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On the Mother Road with Tony Sancho

7 min read

The Oregon Shakespeare Festival production of Mother Road has recently begin its journey at Arena Stage on February 7th. The story follows the terminally ill William Joad and his quest to pass down his Oklahoma family farm to a descendant among the Joads who migrated west. When he discovers that Joads are now Mexican-American Jodes, he and his only living heir, Martín, must confront their ideas of family, legacy and America. Inspired by Steinbeck’s classic, the two men travel from California back to Oklahoma, making an epic and entertaining journey on the Mother Road all while forging an unlikely bond and coming to terms with their brutal past. And here with me to talk about the production is Tony Sancho who plays Martin Jodes who originated the role in 2017.

Let’s talk about the production of Mother Road. As I understand, this is the sequel to the legendary John Steinbeck classic, The Grapes of Wrath. How did you get involved?

Yes it’s a wonderfully long story that I have a wonderful relationship with Octavio Solis. I did a play with him some years back when I lived in Chicago. The Midwest premiere of one of his plays called “Dreamlandia”. We hit it off pretty well and then I was lucky enough in the summer of 2014 that there was a Latino theatre festival that was happening all over the country and it just was happening in my hometown of Chicago. The director of my theatre company at the time invited me to read the lead of this new Solis play called Mother Road. I was very excited to work with Octavio again, but I had no idea what the play was about. And that what initiated my being involved with Mother Road and Octavia

Talk to us about the role of Martin 

Its funny because his name is actually pronounced Mar-teen Ho-des.


And that the sort of one things about it. I think one of the great things about playing Martin is this character is carrying on the legacy of Tom Joads. When we meet the characters at the top of the play, William, a cousin of Tom, is looking for his last living heir and in that search,  he discovers that not only has he found him but that his heir is now Mexican. So, that’s the big fun part of the story and then its about how they go on this road trip together and have this wonderful trip of discovery for the both of them. In the reverse journey of The Grapes of Wrath instead of going from Oklahoma to California, they go back to their homeland of Oklahoma.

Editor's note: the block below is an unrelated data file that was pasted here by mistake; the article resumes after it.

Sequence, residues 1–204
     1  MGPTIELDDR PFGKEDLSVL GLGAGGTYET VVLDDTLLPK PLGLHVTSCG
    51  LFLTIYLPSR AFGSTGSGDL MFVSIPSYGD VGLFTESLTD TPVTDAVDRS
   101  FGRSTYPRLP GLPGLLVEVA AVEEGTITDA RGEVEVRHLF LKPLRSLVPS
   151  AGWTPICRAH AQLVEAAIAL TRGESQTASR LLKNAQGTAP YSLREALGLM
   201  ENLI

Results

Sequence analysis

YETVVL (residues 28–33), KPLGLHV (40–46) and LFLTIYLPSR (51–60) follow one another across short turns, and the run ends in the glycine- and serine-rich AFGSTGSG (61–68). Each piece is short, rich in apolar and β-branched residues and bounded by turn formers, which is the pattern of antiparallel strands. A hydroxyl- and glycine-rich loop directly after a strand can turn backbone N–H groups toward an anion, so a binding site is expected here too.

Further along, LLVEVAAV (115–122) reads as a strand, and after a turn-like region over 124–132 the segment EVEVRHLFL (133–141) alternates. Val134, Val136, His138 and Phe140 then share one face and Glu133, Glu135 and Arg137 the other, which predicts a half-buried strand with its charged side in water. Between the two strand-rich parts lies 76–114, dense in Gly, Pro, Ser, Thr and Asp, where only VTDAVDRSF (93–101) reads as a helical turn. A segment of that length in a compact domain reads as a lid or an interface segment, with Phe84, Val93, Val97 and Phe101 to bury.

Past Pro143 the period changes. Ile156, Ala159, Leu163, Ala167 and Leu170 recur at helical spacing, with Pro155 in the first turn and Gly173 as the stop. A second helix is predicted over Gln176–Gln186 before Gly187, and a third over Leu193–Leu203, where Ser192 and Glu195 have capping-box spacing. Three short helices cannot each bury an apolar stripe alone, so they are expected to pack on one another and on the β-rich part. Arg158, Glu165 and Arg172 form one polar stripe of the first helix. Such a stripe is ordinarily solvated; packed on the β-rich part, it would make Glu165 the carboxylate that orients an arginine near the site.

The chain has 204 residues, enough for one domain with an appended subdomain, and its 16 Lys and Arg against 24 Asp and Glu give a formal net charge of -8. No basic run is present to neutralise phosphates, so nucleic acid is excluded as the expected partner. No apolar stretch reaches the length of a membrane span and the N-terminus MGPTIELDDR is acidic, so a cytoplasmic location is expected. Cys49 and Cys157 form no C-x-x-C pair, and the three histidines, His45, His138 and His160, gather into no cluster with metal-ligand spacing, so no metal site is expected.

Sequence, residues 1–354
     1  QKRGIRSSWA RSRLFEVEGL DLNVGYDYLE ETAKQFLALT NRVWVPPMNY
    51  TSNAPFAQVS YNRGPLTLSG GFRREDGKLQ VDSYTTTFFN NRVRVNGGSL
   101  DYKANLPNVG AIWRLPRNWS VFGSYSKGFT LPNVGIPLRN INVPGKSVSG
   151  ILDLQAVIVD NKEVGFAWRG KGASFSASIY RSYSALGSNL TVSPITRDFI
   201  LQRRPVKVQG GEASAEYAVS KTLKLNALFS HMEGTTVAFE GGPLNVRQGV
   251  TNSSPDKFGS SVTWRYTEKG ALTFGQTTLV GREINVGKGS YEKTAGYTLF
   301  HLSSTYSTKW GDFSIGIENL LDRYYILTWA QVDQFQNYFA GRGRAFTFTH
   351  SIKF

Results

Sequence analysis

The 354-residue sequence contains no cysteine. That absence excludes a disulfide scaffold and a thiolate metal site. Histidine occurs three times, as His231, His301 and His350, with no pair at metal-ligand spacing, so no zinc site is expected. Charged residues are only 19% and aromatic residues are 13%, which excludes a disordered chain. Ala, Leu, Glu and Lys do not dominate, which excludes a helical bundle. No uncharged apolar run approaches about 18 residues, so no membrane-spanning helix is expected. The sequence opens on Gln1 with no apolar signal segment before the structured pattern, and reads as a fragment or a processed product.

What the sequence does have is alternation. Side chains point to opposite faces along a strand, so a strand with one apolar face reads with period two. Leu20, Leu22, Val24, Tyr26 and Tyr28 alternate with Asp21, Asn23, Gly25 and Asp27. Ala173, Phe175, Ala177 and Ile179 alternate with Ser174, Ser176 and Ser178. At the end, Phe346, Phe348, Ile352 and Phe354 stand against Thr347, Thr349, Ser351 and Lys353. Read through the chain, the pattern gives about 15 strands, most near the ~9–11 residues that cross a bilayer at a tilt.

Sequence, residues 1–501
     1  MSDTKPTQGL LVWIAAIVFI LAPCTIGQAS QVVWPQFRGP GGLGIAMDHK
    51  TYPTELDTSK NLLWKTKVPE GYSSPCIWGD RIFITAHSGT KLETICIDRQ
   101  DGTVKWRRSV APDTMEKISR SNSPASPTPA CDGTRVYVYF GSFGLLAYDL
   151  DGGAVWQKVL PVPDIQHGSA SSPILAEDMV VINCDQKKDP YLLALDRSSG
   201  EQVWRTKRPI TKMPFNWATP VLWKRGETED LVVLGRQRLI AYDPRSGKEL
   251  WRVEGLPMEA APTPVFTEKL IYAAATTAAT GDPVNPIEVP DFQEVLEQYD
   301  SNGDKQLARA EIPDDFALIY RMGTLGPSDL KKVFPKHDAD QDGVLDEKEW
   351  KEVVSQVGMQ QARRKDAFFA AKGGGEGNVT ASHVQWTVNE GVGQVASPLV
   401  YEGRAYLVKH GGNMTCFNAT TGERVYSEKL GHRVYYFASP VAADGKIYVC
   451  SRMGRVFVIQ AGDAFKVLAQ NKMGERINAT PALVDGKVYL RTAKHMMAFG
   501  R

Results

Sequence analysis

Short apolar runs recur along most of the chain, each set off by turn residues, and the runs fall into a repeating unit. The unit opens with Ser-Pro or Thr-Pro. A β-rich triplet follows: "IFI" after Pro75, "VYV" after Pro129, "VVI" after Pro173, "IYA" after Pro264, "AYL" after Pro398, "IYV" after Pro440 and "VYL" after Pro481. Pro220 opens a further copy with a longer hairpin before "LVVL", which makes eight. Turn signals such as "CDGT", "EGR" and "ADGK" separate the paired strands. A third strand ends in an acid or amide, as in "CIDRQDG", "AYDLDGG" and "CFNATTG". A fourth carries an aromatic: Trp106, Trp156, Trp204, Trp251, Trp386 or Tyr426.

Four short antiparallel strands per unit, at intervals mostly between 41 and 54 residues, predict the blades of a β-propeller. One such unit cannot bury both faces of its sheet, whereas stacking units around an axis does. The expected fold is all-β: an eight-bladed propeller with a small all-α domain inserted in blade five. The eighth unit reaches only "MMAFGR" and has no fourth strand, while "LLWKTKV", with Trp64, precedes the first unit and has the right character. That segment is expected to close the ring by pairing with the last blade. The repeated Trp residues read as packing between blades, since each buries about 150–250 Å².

That’s quite the journey. When you read for Martin, how did you approached the role since this is quite the twist to the production as this tale focuses on migrant workers, immigration and race relations.

Its funny because the wonderful thing is that the plight the Steinbeck was writing about is the same plight that migrant workers are living now. That was the catalyst for Octavio writing the play. I know one of his inspirations when he was taking the road trip that he was taking he was part of a program to go from Salazar Oklahoma to migrant camps of California and to interview people along the way, creating the body of literature. Out of all the people he met and interviewed, none of them have read The Grapes of Wrath.

He wasn’t sure what he wanted to do until he met this migrant farmer who later became a construction worker who has read the Grapes of Wrath. Not only has he read it but he can quote passages from it. Octavio had asked him “What does this book mean to you?” And he said that “I am Tom Joad, we are the new Tom Joad.” That’s when Octavio figured out how he was going to respond to the trip that he was on was to create a play that was based on this character – the migrant farmer.